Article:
Fans, mist cannons and vaporizers tackle China’s smog
Concentrations of airborne particles were reduced in Beijing last year, but they remain at dangerous levels
China is rolling out a new arsenal of weaponry in its never-ending war on smog, after traditional tools like masks and indoor purifiers failed to chase the fumes away.
Roadside fans, water vaporizers and huge mist cannons, usually mounted on trucks to disperse dust, are among the gadgets being deployed in an effort to clean the air of fine airborne particles. The main target is dangerous particulate matter with a diameter of less than 2.5 microns (the diameter of a human hair), which is commonly known as PM2.5. It can become lodged in the lungs when inhaled.
Cannon trucks have been patrolling major streets in Beijing and a number of other cities to counter air pollution within small areas whenever the filthy haze blankets northern China.
Working in tandem with legions of powerful fans, each mist cannon is able to reduce the PM2.5 density within a radius of 100 meters by a third, according to the Beijing Municipal Environmental Protection Bureau (BMEPB). It said a trial scheme using cannons and fans to blow away smog would be implemented city-wide this year.
In a separate trial in Xian, capital of northwestern China’s Shaanxi province, a 100-meter air-purification tower developed by the Chinese Academy of Sciences has been erected to help reduce smog levels. It will produce more than 10 million cubic meters of clean air a day, the Hong Kong-based South China Morning Post newspaper reported.
Polluted air is sucked into the tower and heated up by solar energy. The hot air then rises through the tower and passes through multiple layers of cleaning filters. The design of the tower resembles a glasshouse.
However, the creative solutions have not come without some controversy. China’s environmental watchdog has named and shamed officials in two cities for using mist cannons to wash pollutants from around monitoring stations and thus “clean up” air quality readings.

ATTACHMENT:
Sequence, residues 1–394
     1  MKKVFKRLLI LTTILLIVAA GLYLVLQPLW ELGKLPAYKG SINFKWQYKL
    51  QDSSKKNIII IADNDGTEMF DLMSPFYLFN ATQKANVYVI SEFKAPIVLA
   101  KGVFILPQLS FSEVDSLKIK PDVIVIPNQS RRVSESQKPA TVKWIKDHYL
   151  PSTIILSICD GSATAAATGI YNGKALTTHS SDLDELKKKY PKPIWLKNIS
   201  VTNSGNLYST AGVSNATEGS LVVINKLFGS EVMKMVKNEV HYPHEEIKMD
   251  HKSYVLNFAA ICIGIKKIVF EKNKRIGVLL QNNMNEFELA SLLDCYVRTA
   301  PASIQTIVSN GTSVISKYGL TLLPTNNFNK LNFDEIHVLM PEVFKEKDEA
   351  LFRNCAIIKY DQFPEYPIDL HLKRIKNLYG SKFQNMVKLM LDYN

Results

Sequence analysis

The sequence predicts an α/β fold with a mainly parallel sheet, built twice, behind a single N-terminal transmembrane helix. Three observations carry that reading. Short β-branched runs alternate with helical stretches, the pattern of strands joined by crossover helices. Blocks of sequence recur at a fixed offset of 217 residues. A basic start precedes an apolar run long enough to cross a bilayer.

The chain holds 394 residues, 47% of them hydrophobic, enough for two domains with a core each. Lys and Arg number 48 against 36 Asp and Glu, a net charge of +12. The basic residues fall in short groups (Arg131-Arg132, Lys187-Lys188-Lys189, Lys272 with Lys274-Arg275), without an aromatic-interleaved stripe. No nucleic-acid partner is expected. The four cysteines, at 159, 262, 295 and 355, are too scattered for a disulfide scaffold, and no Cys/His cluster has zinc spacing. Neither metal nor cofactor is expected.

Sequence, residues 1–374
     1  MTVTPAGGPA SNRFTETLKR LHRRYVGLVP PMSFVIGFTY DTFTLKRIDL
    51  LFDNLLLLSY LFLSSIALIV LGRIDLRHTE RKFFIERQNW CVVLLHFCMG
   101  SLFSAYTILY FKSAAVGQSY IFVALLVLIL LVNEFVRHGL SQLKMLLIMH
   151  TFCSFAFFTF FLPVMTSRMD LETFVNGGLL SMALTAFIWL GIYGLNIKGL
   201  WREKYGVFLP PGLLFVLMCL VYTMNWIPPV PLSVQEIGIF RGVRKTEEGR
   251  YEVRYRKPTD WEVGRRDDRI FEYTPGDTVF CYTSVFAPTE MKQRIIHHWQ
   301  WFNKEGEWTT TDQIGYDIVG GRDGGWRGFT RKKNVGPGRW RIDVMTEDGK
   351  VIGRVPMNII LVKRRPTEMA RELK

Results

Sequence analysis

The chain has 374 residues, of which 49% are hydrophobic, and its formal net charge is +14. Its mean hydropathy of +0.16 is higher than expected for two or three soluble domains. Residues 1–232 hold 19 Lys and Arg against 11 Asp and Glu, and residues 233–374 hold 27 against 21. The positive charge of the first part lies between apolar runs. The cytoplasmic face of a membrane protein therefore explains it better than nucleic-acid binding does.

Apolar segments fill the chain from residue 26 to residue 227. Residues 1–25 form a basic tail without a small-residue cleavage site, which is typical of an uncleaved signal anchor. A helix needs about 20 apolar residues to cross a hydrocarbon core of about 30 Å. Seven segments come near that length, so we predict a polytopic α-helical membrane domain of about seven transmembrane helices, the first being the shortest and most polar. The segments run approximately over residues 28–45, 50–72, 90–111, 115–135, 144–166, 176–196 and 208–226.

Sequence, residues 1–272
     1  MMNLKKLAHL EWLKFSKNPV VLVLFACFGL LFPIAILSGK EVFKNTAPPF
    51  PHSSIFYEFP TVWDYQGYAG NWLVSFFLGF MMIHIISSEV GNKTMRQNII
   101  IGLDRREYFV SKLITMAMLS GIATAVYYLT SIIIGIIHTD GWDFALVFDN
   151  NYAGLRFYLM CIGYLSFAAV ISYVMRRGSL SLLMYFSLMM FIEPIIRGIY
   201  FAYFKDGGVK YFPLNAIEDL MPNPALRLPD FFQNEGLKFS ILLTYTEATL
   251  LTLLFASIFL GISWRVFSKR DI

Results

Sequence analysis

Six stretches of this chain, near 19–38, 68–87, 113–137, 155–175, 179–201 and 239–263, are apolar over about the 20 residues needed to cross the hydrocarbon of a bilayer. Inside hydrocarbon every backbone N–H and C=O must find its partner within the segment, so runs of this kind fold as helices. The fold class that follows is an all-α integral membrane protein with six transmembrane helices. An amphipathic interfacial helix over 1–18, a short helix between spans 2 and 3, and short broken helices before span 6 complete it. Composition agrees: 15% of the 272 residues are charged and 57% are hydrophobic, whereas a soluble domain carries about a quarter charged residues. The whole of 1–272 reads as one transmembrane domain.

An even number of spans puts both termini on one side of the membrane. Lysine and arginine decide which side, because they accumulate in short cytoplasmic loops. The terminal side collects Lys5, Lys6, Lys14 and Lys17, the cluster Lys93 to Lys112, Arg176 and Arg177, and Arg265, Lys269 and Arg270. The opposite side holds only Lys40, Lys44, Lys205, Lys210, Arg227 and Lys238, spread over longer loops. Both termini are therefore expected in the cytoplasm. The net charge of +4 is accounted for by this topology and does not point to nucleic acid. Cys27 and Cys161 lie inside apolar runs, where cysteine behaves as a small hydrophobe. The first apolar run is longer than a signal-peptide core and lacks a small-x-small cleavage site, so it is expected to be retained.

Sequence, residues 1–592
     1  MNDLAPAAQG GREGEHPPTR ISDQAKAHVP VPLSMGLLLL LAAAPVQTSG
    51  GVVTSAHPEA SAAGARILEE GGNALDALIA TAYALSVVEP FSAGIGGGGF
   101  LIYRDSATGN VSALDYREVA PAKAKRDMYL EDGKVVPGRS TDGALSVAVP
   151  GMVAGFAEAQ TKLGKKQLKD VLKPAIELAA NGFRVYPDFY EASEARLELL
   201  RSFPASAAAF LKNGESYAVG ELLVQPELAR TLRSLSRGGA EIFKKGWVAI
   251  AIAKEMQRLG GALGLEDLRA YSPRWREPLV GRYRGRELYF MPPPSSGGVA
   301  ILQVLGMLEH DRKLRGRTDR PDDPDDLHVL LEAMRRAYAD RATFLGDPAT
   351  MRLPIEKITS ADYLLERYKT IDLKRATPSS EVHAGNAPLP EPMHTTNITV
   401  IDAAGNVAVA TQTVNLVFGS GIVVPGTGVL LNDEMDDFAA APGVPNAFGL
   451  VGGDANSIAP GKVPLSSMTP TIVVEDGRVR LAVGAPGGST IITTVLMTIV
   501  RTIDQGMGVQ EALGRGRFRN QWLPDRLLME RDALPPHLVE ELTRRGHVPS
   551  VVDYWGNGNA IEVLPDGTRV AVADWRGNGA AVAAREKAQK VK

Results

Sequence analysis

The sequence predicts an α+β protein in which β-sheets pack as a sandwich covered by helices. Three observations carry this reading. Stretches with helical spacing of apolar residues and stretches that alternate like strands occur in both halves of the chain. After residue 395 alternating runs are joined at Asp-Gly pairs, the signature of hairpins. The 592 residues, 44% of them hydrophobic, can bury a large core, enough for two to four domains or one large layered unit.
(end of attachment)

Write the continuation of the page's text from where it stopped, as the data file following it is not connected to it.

Officials at Xinyu in Jiangxi province and Xinyang in Henan province have been held for questioning, said the Ministry of Environmental Protection.
“It’s illegal to interfere with air quality monitoring, whether these vehicles were assigned to do it on purpose or not,” the ministry noted.
“Offenders can be criminally prosecuted and face tougher penalties,” said Ma Yong, an environmental law researcher for the Supreme People’s Court, told China Daily.
In addition to protecting the integrity of monitoring data so it can get a clear picture of the pollution situation, the ministry has conducted field inspections at 2,125 locations in 28 cities in northern China in an effort to identify violations, especially during periods of heavy smog.
Meanwhile, Greenpeace has acknowledged the authorities’ efforts to clean up the air in Beijing and its adjoining conurbation by restricting coal use and industrial activity.
Beijing’s pollution level dropped 54% in the fourth quarter of 2017 from a year earlier, the environmental group noted in a report. However, it warned that policies still favored coal and heavy industry, hampering further progress.
The BMEPB said the city had met its air-quality targets in 2017 after a crackdown on polluters and improved weather conditions. Average concentrations of PM2.5 dropped by 35.6% in 2017 from 2012 to 58 micrograms per cubic meter.
The official PM2.5 standard is only 35 micrograms, while a limit of 10 micrograms is recommended by the World Health Organization.